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How to De-stress for Midterms

The dreaded week is upon us, and with spring break looming close by, this round of exams seems even harder to get through. To avoid downing sixteen cups of coffee and procrastinating, use these tips to cool your head, put pen to paper and set your sights for a well-earned rest afterwards!

1.)   Listen to video game/movie music

Listening to music is a common, if not the most common technique students use to hunker down and concentrate on their studies. While listening to your favorite songs may be working fine for you, look into the soundtracks of movies, games and TV shows (the Youtube keywords being “calm”, “peaceful” and even “atmospheric). These songs are specifically designed to be background music that isn’t too intrusive to the main action on the screen, or to help you focus on your task while playing a game. There are hundreds of playlists and hour long videos on YouTube available, so you don’t even have to concern yourself with searching through multiple songs every time one ends. Give it a try!

2.)   Put pressure on your pressure points

Lots of people swear by applying gentle pressure to specific points all over the body to relieve tension, calm the mind, and even soothe pain. Lots of people do this to prevent migraines and focus better, so it’s worth trying to get in the mood for studying. Here’s a helpful diagram:

Do this before you study or during breaks!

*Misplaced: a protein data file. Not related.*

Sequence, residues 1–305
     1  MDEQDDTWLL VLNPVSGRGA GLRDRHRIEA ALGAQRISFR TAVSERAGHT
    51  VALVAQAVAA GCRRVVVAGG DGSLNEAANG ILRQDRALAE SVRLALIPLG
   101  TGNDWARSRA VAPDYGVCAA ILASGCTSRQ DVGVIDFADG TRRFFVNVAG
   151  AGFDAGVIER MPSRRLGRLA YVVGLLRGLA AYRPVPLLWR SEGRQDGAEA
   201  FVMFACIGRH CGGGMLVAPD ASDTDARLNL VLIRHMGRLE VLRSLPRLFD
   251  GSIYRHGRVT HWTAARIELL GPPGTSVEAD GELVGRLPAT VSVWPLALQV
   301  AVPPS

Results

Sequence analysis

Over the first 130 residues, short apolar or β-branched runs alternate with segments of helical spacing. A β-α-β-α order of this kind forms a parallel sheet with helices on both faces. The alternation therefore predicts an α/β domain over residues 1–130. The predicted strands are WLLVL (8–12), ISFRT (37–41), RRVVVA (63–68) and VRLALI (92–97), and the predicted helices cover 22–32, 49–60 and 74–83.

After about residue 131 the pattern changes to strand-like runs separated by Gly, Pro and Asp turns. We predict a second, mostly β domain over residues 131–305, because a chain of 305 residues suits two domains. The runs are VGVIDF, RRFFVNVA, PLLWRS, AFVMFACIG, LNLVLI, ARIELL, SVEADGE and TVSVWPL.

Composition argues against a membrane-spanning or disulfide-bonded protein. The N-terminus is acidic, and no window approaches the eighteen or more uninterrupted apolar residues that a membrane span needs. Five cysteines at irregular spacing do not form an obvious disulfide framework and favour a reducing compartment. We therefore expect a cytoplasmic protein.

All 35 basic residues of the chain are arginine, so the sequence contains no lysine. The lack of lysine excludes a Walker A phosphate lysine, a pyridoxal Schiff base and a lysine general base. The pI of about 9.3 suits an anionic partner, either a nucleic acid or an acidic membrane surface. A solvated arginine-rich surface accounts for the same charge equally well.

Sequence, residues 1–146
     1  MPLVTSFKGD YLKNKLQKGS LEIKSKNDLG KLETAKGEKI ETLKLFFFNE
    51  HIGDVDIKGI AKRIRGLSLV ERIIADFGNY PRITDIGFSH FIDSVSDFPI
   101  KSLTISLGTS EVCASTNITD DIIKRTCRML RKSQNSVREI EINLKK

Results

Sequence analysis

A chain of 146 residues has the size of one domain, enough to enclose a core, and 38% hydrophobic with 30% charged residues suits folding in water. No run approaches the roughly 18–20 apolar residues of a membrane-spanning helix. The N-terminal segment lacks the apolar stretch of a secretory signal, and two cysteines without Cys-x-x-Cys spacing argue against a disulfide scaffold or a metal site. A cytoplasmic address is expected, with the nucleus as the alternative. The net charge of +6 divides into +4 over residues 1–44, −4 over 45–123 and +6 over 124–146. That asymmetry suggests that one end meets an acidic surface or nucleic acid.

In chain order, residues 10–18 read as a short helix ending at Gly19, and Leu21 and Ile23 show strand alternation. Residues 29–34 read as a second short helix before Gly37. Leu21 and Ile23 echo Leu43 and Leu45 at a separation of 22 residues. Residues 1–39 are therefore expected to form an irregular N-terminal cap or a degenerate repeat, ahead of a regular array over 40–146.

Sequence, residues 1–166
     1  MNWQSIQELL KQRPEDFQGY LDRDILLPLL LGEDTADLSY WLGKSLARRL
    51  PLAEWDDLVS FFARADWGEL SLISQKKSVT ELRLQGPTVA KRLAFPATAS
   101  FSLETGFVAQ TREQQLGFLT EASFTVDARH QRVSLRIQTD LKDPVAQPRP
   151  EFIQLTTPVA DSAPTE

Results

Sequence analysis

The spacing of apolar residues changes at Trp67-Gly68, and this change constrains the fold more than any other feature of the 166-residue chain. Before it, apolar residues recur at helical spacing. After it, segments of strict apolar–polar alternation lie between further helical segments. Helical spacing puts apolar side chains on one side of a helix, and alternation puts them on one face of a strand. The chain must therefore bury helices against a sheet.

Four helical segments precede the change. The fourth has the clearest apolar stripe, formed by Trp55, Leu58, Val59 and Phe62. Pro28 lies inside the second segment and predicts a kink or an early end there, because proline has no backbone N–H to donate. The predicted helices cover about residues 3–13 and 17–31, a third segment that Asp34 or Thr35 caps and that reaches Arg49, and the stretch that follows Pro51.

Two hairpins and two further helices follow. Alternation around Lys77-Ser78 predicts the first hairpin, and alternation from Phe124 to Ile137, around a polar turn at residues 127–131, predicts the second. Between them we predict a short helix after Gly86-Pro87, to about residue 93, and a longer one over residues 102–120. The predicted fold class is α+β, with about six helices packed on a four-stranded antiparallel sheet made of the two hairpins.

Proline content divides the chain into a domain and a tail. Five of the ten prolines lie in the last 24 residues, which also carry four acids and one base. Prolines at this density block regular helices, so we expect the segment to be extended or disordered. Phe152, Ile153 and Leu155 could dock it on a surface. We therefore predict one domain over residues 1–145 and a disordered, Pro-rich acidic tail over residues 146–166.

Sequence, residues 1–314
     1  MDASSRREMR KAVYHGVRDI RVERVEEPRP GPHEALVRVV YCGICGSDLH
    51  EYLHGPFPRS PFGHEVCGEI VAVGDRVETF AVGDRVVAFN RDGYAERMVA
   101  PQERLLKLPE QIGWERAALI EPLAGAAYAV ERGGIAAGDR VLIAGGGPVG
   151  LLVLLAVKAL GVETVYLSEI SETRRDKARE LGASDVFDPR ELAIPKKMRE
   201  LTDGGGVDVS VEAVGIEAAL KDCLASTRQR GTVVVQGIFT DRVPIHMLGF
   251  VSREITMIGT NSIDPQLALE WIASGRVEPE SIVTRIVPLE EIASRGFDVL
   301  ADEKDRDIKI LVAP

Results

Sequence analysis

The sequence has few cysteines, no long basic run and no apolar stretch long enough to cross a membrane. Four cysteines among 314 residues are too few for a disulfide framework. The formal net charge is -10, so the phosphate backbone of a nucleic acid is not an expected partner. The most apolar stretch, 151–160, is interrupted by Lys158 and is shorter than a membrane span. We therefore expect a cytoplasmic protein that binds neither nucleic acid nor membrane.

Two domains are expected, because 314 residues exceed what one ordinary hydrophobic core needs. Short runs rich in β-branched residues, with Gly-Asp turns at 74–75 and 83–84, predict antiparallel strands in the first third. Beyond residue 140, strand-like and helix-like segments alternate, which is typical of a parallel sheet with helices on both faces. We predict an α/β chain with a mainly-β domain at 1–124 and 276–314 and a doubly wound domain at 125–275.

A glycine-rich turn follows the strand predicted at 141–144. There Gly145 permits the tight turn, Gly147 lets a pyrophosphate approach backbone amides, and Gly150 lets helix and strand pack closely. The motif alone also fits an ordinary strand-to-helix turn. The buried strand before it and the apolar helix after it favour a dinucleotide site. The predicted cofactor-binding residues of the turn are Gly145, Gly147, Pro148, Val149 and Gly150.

3.)   Make some art

The process of making even little creations, like doodles on the indents of your notes, centers your focus and calms you. This goes for any type of art—origami, doodling, drawing, painting, mixing a song, writing, choreographing a dance—whatever helps you take a break and do something that isn’t chemistry or a five page paper. Just make sure your art project doesn’t get so long and complicated that it interferes with your actual studying!

4.)   Get some decent sleep

It’s preferable to have a full, uninterrupted 8-9 hours of sleep every night, but that’s pretty unrealistic in regular college life, let alone midterms week. The website sleepyti.me lets you either calculate what time you should set your morning alarm so that you wake up between sleep cycles, and not during one, or gives you a list of times you should go to sleep in the first place for the same results. It’s also great for calculating how long you should nap. If you wake up between sleep cycles, you feel much less groggy and irritable, so this website is indispensable for busy, overworked students (make sure you get 8 hours in as much as possible, though.)

5.)   Write everything down

Make a schedule for your studies. Write down where, what, and how long you plan to study, and for when you’ll have breaks (fifteen minutes for every hour of study is a good rule of thumb.) Use sticky notes to label specific chapters in books you need to reread or analyze. Make an outline of your essays. If you give yourself incremental ways of getting all your work done, it doesn’t seem so overwhelming. Take it on in small chunks, and you’ll find yourself getting a whole lot more done.



Nicole is a junior Film/TV major at Boston University. She's an Argentinean first generation student who made the leap from Miami to Boston for college. She has chosen writing as a career for reasons no one can explain, except maybe with theories of her masochistic tendencies. She dreams of being on a writing team for a sitcom and someday becoming a showrunner of her own original show.
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